Naim has a reputation for being a ladies’ man and this was something Bron relished and liked to discuss. I remember the endless jokes in the Literary Review’s offices about the beauty of the girls with whom Naim worked at Quartet. I remember vividly feeling daunted by their languid glamour – some of them definitely, I remember thinking at the time, looked too beautiful to work.

But then glamour was Naim’s thing. He had a flair for decorous, delicious literary lunches too. Looking back on those lunches now, I think invitations should have been extended to struggling writers only, to those starving in garrets. They would have speedily recovered, although it might have taken the edge off their literary hunger. These lunches were as unexpected as Naim was. I remember Germaine Greer coming to one of them – charmed, I like to think, against her better judgement by Bron or Naim; or most likely by both of them. Naim contributed hugely to the sense that our purpose in life was to enjoy ourselves.

People used to assume that Naim must have an editorial stranglehold on the magazine and be breathing down Bron’s neck, instructing him to have reviewers rave about all books published by Quartet. This was not the case at all. I don’t remember any editorial interference whatsoever from Naim – although I guess that if he had been consulted, Naim might have been on Bron’s side in encouraging reviews written by the pretty girls encountered on trains – the Railway Children. But then, if I’d protested or appealed to him, it would have been difficult for Naim to take sides. My impression was that he was a man who would wish to shy away from conflict. He was a benign influence, in every way.

Bron used always to talk as if he wanted to please Naim – he would make it sound like a joke. But he meant it. Bron started many of his sentences with the words: ‘The sad truth is . . . ’ The ends of most sentences that started in this way were funny. The ‘sad truth’ was that Bron was unapologetically nepotistic. It was a matter of loyalty. And loyalty was something Naim and Bron had in common. Naim would not have dreamt of asking Bron to look favourably on his own books. But had he been the sort of person to insist on a good review, Bron would have been absolutely and robustly corruptible. The truth – sad or the reverse – is that Naim must have known he did not need to ask.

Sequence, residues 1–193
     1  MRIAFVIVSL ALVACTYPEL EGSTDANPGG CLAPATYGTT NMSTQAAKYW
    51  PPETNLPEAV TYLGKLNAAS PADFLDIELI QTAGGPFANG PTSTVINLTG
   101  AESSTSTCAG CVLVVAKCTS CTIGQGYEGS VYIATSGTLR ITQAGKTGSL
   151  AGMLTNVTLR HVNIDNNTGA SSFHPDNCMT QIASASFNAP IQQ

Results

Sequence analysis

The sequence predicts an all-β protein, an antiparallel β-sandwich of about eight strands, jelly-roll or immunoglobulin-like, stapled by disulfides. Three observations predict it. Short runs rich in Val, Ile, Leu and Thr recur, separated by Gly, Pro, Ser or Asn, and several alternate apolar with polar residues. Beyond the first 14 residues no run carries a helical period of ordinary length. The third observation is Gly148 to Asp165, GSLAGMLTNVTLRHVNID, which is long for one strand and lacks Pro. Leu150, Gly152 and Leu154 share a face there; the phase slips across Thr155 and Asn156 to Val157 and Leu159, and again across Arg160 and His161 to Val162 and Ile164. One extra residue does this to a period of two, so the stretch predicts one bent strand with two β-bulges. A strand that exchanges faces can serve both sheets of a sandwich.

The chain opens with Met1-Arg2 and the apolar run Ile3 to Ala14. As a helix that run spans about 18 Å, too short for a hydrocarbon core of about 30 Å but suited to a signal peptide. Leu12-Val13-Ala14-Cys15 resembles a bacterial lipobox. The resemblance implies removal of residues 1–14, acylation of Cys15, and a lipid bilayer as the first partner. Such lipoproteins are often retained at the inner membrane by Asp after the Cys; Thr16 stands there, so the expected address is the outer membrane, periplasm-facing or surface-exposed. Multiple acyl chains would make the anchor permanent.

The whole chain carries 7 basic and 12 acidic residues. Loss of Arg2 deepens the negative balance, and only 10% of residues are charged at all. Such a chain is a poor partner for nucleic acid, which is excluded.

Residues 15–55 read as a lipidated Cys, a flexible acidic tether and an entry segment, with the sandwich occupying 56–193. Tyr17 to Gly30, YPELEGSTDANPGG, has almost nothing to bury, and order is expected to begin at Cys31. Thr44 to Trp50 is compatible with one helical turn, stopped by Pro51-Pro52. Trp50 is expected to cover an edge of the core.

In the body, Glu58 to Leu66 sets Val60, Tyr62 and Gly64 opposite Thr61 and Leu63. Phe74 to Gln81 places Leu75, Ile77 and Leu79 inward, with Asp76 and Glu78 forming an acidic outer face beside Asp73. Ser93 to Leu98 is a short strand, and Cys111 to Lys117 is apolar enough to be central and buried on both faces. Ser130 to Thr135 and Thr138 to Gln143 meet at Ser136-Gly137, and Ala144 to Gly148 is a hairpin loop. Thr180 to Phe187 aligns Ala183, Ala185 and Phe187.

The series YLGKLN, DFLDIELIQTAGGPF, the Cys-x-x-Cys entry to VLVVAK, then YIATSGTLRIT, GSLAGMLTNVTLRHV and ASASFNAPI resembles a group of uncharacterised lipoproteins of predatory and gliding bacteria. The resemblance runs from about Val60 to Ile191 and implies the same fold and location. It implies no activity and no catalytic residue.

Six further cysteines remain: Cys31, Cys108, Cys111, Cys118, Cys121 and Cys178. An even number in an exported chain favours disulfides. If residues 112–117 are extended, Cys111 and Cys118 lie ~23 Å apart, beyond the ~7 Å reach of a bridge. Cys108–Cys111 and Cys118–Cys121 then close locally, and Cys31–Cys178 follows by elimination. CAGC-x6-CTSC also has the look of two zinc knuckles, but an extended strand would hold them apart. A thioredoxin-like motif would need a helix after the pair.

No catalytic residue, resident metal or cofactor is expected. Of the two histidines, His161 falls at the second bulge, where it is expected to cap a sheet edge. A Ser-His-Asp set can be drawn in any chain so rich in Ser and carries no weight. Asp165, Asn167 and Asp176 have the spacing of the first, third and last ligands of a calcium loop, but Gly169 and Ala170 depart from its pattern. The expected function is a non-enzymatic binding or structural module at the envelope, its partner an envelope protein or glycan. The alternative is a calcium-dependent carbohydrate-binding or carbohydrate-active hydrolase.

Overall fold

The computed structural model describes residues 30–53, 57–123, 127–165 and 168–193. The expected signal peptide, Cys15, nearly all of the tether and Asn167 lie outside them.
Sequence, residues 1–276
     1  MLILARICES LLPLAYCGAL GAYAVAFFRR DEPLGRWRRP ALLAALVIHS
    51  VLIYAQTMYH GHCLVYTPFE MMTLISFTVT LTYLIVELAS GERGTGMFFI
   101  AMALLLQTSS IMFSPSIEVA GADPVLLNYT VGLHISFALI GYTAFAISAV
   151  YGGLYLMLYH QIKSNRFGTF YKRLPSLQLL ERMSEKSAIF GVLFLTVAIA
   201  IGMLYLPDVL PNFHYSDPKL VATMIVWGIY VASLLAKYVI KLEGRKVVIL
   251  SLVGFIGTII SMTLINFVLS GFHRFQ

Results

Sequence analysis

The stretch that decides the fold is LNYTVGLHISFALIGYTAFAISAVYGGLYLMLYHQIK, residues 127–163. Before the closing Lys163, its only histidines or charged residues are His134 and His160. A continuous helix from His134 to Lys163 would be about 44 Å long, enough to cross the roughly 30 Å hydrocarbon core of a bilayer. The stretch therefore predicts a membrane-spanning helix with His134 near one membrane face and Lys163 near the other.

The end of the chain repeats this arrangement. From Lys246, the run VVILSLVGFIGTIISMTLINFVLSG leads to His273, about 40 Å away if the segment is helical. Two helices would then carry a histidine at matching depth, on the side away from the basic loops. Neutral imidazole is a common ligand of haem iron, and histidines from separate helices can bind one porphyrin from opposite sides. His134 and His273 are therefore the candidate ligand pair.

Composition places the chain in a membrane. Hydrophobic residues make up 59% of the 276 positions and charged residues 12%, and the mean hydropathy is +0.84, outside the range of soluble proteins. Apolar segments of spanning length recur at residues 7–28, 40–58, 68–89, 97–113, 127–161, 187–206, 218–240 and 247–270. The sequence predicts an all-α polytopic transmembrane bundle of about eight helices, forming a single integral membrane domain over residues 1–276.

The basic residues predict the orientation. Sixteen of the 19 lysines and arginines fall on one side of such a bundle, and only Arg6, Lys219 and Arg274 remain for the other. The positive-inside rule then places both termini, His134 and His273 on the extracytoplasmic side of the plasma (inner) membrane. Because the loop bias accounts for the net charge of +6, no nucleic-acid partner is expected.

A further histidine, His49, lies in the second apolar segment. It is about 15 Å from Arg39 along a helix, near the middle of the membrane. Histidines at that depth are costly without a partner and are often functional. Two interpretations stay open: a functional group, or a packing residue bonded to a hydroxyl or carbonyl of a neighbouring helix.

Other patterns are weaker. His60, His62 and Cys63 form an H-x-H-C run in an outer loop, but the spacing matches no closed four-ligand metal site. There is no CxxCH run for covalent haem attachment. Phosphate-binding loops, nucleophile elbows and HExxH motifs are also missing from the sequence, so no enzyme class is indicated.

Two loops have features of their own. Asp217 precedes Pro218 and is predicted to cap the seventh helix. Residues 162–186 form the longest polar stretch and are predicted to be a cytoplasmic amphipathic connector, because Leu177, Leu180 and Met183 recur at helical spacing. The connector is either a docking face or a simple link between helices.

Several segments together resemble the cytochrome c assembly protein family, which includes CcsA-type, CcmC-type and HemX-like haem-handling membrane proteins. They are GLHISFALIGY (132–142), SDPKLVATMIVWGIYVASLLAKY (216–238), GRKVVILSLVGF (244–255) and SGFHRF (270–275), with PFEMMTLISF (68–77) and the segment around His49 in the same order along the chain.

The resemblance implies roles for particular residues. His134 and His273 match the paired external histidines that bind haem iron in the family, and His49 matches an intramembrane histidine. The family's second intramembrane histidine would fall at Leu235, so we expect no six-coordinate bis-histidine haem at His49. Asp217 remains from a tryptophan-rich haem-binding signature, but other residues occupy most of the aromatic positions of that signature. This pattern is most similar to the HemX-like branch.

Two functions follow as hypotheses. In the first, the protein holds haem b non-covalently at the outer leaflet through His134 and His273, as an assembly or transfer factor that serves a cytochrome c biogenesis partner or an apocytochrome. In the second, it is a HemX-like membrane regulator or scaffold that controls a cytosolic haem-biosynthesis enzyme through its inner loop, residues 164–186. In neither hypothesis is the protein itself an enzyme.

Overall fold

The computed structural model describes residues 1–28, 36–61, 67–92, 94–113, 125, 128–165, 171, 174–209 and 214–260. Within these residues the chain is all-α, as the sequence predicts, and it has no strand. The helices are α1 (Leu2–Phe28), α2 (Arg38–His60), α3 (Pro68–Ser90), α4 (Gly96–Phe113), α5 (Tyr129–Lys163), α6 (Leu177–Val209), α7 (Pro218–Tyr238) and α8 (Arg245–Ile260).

Bron liked to shock, even in small ways. He once told me that if you had not read a book, you should always praise it when reviewing it. I couldn’t believe that he was owning up to not reading some of the books he reviewed. I later came to regard the words, ‘She writes like an angel’, when they issued from Bron’s pen, with particular suspicion. The extraordinary thing was that the party atmosphere at the Literary Review did not prevent a magazine from appearing every month. I like to think that instead it made the magazine what it was: entertaining, generous, unpredictable. Much of what Bron did, he did only to annoy because he knew it pleases. Meanwhile Naim allowed the party to go on, and for that everyone involved will continue to thank him.